Image Courtesy of Thomas Built Buses

Image Courtesy of Thomas Built Buses

The EPA’s monumental Clean School Bus rebate program has enabled many schools across the U.S. to receive funding to replace old buses with new electric or low-emission models. With more than $1 billion in funds awarded, the task of figuring out the required charging infrastructure for your new electric school buses, the associated costs and options can feel overwhelming.

With the variety of EV infrastructure options out there, careful planning and consideration are necessary to ensure you get the most out of your allocated funding, including different types of charging equipment available to you, associated costs, and how much of those costs are covered by the EPA.

Charging Options Available

There are three levels of charging: Level 1, Level 2 and Level 3. Levels 1 and 2 convert alternating current (AC) energy from the grid to direct current (DC) energy onboard the vehicle. Level 3 involves DC fast charging, which uses a high-voltage DC connection to charge an EV quickly, converting AC to DC energy within the charging station, and feeding power directly to the school bus battery without the need for an onboard charger to convert it.

That’s a lot of acronyms, so let's break it down. Because AC charging equipment can be cheaper upfront, some may think it’s the better option as they can pay less for chargers (which fall under the greenlit “fleet side” of EPA fund allocation) and use leftover EPA funds towards additional infrastructure costs on the “utility side” - including the transformers, switch gears and electric meters. This is not the case.

Though the Clean School Bus funds provided by the EPA can cover much of the “fleet side” of charging infrastructure, including the vehicle and the charging units, many districts will still need additional funds to cover the “utility side.” For these costs, districts will have to utilize additional incentives outside of the Clean School Bus funds, including utility make-ready programs.

“While DC charging is more expensive upfront, it is more effective in the long run by providing a quicker charge, more than twice as fast as AC. This is also because DC chargers utilize a charging management system to charge the bus at optimal times, thereby decreasing long-term operational costs,” said Mark Childers, Powertrain and Technology Sales Manager for Thomas Built Buses. “This highlights why DC charging is the future of electric school bus charging, allowing for a more efficient, cost-effective, and reliable charging experience."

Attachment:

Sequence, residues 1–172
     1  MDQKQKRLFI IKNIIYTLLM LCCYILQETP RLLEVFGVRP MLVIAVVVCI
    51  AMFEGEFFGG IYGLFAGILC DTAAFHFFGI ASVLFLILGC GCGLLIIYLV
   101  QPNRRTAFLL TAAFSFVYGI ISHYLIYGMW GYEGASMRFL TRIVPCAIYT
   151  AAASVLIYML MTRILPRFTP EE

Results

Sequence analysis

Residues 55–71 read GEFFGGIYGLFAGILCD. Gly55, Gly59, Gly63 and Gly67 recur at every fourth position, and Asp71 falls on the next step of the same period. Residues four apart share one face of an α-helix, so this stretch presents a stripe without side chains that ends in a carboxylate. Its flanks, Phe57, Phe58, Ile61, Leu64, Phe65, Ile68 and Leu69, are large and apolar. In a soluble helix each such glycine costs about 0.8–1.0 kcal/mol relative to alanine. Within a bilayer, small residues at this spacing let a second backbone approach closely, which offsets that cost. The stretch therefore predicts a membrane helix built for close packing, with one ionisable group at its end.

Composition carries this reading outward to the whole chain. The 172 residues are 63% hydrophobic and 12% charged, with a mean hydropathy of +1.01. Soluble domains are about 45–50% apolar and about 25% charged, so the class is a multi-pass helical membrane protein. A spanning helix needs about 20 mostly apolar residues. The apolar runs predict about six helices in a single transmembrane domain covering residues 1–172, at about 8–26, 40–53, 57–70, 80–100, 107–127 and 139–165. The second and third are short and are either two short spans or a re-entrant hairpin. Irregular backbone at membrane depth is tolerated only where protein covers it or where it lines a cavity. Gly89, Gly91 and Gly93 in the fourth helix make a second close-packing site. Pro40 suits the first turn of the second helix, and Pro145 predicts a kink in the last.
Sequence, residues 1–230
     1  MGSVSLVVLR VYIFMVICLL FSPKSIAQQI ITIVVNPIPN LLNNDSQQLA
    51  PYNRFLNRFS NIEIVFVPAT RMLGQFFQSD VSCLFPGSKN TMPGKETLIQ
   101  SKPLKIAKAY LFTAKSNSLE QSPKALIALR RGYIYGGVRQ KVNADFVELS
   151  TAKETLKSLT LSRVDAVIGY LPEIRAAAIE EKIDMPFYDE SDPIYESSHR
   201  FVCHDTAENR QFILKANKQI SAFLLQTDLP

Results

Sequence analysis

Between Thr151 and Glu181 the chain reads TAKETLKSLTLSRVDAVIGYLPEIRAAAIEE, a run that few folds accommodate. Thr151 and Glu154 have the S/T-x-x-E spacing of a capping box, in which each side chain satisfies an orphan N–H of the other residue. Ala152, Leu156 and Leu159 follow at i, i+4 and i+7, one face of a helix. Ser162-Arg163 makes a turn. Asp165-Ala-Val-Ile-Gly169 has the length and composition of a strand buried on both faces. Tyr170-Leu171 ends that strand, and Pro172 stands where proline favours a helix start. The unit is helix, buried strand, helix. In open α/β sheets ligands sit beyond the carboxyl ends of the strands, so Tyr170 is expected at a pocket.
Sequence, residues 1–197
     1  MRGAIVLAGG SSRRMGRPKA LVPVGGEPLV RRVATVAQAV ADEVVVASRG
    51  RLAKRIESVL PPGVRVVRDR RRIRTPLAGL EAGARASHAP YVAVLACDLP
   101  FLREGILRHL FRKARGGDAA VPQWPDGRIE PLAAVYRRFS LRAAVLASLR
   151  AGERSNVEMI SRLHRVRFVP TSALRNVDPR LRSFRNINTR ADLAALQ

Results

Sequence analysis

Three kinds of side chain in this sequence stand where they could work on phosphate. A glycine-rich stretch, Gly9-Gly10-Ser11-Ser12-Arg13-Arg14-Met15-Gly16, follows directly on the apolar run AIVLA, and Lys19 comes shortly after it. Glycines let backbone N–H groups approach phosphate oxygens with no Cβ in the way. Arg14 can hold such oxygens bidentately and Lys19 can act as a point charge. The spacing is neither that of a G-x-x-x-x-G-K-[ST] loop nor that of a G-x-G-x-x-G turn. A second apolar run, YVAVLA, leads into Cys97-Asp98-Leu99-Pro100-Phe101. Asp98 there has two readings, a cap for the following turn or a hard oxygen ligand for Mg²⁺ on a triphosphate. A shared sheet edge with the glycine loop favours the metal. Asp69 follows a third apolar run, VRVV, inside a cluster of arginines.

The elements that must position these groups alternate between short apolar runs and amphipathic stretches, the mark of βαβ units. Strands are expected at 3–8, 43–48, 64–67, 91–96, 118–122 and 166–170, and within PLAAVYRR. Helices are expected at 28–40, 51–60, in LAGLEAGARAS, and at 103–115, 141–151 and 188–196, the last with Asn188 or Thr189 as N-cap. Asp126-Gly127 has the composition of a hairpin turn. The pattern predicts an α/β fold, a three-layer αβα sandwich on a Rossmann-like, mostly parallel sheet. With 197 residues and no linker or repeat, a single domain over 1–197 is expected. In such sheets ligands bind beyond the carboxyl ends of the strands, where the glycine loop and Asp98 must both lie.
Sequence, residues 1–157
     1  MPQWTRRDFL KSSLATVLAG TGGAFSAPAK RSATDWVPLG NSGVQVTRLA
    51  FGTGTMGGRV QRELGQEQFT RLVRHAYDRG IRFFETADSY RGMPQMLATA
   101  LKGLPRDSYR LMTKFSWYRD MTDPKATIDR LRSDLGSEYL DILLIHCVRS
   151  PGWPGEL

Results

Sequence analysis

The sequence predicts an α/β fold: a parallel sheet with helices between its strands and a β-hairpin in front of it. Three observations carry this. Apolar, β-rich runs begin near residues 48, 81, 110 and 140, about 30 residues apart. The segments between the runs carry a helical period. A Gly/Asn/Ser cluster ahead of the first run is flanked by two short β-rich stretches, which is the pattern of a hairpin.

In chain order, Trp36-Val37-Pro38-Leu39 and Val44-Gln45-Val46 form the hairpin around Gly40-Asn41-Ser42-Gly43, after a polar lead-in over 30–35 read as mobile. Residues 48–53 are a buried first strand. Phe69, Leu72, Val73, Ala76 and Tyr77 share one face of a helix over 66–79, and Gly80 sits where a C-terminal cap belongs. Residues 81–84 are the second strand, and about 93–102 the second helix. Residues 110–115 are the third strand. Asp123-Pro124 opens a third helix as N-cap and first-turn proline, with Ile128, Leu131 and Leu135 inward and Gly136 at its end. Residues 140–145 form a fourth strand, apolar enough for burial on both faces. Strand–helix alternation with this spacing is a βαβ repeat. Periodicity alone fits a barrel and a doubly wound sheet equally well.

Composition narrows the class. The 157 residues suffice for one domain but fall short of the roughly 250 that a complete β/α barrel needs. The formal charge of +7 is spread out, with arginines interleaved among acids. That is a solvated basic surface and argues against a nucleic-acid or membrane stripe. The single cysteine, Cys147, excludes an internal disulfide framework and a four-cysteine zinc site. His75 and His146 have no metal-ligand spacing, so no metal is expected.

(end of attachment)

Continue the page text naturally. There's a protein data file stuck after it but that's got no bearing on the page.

Managed Charging vs. Unmanaged Charging

Think of AC charging like plugging in your television. The unit is still pulling power from the grid regardless of time of day or whether you’re actively streaming.

Where an AC charger will charge the vehicle until it is unplugged without regard for peak demand hours (unmanaged charging), a DC charger understands when exactly to charge a bus (managed or “smart” charging).

By managing the optimal times to pull power from the grid via a charge management system, DC chargers provide an additional layer of cost savings by monitoring and then informing a charger of the best, most cost-efficient opportunity to charge the bus, avoiding peak demand hours and saving you money in the long run.

This is called charge load management, which involves optimizing charging loads and evenly distributing electricity to not overpower the grid and save you money, which is not currently an option for AC charging.

Contact Your Utility Provider

Beyond charging stations, districts need to consider other infrastructure needs when prepping for the switch to electric buses. Both your utility provider and your local dealer should be your go-to resources for getting these discussions started.

When beginning to discuss infrastructure needs, your dedicated team can help analyze your fleet size and growth plans, in addition to evaluating your energy needs. They will do this by determining the type and number of charging stations to install, plus whether existing structures can handle the increased amount of power an electrified fleet will demand.

Some utility companies may offer incentives and make-ready programs for things like transponders or meters because this technology is a new source of revenue for their business. However, like most of the world, utility companies move slowly and face the same lead time issues so it’s important to engage them in the process both early and often.

“It's important to involve your utility provider in the process as early as possible,” continued Childers. “They can make recommendations like a dedicated meter and transformer for your bus fleet, which creates a level of transparency in your power bill. By having a meter specifically for a district’s field of EV chargers, districts will know exactly how much they are paying that month for charging their buses as opposed to those costs being layered into the overall power bill.”

Available Resources

The World Resources Institute’s Electric School Bus Initiative provides resources that can help explain how to close the funding gap for essential EV charging infrastructure through make-ready programs.

Other resources providing charging infrastructure consultancy services also exist like Thomas Built Bus’s Electric Bus Authority (EBA). The EBA can meet with your district to evaluate your operations, providing route analysis, site plans and additional reports to aid you in electrification efforts. They can also help districts understand what utility incentives are available in their area and how to engage their school boards for additional funding.

To get started on the road to EV or to explore infrastructure options for your fleet or district, contact your utility provider or the Electric Bus Authority at Thomas Built Buses.